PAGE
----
My ride to Lollard Street didn't take long, but upon arrival, I was detained by an older, slightly inebriated man who wished to engage in conversation about the bikes. That is what I really like about the scheme. Londoners have suddenly stopped to talk to one another. The chap wanted to know what I thought about the scheme, how you used the cycles and how much it cost. It seems to take people a little while to get their heads around the idea that there is both an access and a usage charge. I explained that the bikes were designed for tourists to hire all day (eg. a rip-off for long-time hire), and most people would put them back within half an hour. He was unconvinced that they were better than his bike at home, and I had to agree, but we chatted for 10 minutes. On Friday, I was detained at the Post Office by a man from an expensive flat and a woman who lived on the local estate who both wanted the scheme explained. On Saturday, whilst I was experiencing the yellow light-red light issue, again at the Post Office, another woman wanted to chat about them. When I put my key in, there's usually a set of passers-by wondering how they work. And this morning, I was chatting to some Camberwellians who had noticed my TV appearance, and wanted to know why the bikes hadn't been placed further south in London. Well, quite. Boris probably doesn't travel much further south than Elephant and Castle, so that might explain it. But it has led me to wonder, "why can't London always be this way?". I really like these conversational excursus, although one has to ensure they're held /before/ you put the key in, otherwise you'll be using up the half hour chatting to strangers! But, why not? I hope that people keep chatting, even when the novelty wears off.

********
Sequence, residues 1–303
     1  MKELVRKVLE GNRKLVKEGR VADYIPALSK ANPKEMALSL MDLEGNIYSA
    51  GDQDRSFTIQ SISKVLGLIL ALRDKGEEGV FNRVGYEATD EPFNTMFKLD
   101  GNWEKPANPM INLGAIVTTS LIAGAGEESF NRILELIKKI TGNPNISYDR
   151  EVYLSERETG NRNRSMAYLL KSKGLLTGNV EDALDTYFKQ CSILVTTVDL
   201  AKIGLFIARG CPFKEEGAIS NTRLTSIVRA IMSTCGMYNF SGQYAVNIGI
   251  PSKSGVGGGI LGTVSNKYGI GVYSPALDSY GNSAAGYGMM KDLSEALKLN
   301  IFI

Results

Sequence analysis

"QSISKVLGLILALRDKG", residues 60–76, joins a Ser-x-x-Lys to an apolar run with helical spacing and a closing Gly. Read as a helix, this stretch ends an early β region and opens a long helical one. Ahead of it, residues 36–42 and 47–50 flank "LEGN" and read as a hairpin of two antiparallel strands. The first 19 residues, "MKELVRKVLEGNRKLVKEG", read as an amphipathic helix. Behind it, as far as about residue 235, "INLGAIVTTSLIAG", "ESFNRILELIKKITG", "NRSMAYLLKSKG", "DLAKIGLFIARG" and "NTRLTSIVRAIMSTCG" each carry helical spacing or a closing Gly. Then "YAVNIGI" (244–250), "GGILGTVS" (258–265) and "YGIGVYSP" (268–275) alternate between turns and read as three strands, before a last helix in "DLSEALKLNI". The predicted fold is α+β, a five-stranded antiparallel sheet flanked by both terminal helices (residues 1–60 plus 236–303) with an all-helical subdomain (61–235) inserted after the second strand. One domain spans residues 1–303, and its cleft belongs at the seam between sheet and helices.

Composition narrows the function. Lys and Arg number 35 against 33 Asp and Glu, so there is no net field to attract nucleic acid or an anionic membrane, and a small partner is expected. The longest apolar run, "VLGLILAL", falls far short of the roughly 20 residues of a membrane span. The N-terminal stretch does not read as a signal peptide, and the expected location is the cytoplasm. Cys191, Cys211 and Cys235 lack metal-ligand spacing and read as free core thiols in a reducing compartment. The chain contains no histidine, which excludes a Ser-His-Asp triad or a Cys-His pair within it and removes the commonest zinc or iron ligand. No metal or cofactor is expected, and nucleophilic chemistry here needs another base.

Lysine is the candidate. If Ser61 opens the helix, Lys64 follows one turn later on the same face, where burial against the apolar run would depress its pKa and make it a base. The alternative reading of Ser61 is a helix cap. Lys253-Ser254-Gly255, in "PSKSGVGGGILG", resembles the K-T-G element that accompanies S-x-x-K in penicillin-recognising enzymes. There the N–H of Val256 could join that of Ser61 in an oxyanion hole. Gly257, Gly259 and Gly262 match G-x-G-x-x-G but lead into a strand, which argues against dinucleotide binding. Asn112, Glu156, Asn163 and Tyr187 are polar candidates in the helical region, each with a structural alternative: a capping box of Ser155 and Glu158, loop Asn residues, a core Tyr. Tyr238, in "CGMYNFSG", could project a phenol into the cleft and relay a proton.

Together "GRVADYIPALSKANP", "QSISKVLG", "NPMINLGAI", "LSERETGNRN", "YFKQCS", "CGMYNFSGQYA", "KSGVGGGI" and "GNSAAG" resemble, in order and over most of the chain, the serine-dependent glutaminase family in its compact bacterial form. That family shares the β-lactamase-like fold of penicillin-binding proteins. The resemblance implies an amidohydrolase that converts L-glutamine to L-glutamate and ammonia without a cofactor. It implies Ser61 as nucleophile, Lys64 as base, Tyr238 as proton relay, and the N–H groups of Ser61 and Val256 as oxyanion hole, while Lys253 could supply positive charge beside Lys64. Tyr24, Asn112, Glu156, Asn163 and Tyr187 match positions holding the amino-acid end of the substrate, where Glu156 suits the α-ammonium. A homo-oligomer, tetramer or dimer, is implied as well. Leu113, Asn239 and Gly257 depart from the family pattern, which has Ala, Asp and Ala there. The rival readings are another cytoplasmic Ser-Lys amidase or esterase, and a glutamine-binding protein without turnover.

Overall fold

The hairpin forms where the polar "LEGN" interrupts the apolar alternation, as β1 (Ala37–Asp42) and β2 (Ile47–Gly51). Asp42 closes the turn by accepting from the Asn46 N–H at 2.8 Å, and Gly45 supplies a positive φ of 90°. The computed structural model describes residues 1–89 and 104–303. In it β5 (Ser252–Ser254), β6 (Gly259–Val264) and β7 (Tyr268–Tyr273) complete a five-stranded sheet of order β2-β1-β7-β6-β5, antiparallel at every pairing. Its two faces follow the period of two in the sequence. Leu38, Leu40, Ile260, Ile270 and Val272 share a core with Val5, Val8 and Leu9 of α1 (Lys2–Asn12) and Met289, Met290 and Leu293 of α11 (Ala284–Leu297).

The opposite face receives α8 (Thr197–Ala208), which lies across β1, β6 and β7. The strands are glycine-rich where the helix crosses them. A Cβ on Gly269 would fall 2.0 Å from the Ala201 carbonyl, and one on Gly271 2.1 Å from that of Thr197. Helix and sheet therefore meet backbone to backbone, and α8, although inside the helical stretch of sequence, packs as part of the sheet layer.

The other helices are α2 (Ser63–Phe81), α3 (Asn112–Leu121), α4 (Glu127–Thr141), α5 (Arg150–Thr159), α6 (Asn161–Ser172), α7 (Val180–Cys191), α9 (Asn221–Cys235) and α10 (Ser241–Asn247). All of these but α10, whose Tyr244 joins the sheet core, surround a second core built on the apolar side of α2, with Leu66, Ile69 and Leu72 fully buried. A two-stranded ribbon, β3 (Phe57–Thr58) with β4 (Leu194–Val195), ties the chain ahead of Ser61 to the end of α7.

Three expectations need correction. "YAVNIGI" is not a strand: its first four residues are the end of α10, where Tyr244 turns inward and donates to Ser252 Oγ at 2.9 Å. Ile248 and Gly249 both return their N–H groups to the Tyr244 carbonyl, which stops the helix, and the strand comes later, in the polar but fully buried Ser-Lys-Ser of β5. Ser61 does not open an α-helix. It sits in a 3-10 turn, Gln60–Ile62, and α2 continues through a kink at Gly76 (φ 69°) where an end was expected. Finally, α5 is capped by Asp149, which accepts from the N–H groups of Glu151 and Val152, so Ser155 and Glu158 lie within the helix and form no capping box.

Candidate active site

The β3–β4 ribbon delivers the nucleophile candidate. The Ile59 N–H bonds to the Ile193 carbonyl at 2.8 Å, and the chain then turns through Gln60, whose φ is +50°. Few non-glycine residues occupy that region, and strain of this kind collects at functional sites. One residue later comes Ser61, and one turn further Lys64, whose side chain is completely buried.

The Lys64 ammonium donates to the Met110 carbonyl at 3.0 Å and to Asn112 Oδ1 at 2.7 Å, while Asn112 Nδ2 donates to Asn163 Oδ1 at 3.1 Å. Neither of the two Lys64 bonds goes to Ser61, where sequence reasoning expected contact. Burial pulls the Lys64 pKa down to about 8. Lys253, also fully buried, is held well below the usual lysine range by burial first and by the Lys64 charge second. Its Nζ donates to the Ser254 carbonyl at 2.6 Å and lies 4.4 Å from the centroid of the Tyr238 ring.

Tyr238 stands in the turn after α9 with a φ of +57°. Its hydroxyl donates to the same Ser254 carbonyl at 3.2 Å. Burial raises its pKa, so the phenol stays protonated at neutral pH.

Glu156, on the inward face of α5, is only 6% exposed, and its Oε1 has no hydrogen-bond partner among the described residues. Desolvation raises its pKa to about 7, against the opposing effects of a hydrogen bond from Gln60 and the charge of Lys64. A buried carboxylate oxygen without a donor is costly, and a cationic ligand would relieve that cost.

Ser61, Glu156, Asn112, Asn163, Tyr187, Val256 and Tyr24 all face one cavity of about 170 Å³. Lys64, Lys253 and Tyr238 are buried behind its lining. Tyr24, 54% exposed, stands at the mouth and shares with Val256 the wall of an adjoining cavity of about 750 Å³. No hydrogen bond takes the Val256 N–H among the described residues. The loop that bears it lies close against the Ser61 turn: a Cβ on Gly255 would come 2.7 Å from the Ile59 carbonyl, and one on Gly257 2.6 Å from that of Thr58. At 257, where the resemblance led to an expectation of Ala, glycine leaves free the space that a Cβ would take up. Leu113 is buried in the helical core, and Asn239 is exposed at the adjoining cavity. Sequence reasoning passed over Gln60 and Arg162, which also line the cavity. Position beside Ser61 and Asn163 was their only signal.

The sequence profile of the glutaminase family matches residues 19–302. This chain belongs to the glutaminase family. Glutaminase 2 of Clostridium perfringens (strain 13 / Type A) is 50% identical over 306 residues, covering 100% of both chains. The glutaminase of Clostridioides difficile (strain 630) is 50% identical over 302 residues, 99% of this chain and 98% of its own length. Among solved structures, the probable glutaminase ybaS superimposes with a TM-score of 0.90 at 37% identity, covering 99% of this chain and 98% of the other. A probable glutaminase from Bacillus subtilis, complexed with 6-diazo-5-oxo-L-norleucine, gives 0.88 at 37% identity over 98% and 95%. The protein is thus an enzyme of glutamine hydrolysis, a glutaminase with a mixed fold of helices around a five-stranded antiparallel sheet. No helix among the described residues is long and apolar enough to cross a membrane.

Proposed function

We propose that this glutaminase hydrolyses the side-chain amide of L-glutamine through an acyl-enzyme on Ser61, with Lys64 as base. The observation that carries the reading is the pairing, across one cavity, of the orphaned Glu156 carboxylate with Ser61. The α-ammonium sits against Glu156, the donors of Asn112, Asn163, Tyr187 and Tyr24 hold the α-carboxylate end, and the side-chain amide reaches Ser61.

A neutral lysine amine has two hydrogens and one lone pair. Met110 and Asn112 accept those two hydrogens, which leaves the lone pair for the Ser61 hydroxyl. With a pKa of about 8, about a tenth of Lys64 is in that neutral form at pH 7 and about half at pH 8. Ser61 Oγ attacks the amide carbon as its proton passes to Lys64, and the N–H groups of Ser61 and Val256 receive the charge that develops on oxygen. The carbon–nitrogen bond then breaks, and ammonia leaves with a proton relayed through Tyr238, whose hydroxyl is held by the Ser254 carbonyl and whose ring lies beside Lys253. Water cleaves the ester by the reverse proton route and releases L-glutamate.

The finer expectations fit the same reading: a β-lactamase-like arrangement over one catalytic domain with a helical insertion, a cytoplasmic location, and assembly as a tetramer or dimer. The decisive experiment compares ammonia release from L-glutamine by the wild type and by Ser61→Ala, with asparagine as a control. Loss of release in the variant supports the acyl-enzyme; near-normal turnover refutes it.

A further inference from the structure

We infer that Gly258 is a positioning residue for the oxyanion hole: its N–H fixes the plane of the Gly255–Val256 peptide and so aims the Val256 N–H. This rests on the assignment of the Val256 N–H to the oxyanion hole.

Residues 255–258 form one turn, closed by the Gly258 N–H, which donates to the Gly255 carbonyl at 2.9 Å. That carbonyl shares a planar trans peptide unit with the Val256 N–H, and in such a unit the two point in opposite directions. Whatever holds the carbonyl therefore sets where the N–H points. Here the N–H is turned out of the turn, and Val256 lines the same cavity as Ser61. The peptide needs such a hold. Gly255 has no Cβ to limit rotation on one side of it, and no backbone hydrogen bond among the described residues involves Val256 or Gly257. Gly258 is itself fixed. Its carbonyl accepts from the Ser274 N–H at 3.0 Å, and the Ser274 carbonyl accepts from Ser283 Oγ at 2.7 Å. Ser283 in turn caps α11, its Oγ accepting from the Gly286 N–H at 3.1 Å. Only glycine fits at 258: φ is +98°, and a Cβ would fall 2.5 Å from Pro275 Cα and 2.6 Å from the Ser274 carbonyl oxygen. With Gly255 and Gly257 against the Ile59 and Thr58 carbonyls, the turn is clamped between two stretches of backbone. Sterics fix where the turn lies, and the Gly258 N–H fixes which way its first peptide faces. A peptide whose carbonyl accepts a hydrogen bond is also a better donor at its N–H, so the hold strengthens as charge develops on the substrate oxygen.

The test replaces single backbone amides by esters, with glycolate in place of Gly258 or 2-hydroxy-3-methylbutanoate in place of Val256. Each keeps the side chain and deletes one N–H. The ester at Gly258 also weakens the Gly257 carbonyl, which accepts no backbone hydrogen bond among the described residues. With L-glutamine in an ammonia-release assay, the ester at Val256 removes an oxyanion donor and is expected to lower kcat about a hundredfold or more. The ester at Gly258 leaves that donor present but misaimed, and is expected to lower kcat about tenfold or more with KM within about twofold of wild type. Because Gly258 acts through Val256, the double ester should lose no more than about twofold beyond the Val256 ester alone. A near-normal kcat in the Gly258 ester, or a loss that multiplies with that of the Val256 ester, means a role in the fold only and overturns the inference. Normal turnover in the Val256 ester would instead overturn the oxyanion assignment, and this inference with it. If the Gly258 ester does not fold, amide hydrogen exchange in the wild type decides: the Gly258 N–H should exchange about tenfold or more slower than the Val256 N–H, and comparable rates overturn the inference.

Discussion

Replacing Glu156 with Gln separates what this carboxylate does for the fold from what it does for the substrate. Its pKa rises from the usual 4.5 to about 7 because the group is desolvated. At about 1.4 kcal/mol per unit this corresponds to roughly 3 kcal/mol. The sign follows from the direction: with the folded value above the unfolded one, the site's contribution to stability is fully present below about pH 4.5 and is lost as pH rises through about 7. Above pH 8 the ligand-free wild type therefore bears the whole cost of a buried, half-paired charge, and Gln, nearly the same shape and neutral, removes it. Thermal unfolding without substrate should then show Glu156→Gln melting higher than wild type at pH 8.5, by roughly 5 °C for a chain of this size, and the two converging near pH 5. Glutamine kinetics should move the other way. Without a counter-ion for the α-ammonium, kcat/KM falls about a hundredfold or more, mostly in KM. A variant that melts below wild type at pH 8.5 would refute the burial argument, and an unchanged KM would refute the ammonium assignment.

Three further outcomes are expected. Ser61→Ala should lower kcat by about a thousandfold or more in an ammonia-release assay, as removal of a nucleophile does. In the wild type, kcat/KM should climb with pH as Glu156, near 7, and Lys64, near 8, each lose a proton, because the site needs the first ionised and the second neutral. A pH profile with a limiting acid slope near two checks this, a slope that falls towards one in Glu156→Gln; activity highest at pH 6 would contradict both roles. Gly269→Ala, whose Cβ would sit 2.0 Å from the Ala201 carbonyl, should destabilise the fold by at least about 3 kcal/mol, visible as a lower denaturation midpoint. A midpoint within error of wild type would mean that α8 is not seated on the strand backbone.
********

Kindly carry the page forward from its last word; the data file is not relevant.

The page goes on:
I made a bit of a mistake with Lollard Street. It's one of those "out of the way" bike docks, and the bikes have been placed just outside of the former Lilian Baylis School. There were plenty there, but it turned out that I'd hired one of those over-tightened back wheel affairs. I realised within 15 seconds, but decided to plough on. Phewww. Exhausting. I cycled as far as the Embankment, and went to see whether the Fire Brigade Pier docking station exists. It doesn't. Do beware of that. Whilst it seems to appear on some of the maps, I arrived at the place where it should have been, only to be greeted by a blank section of pavement and no electrical points here: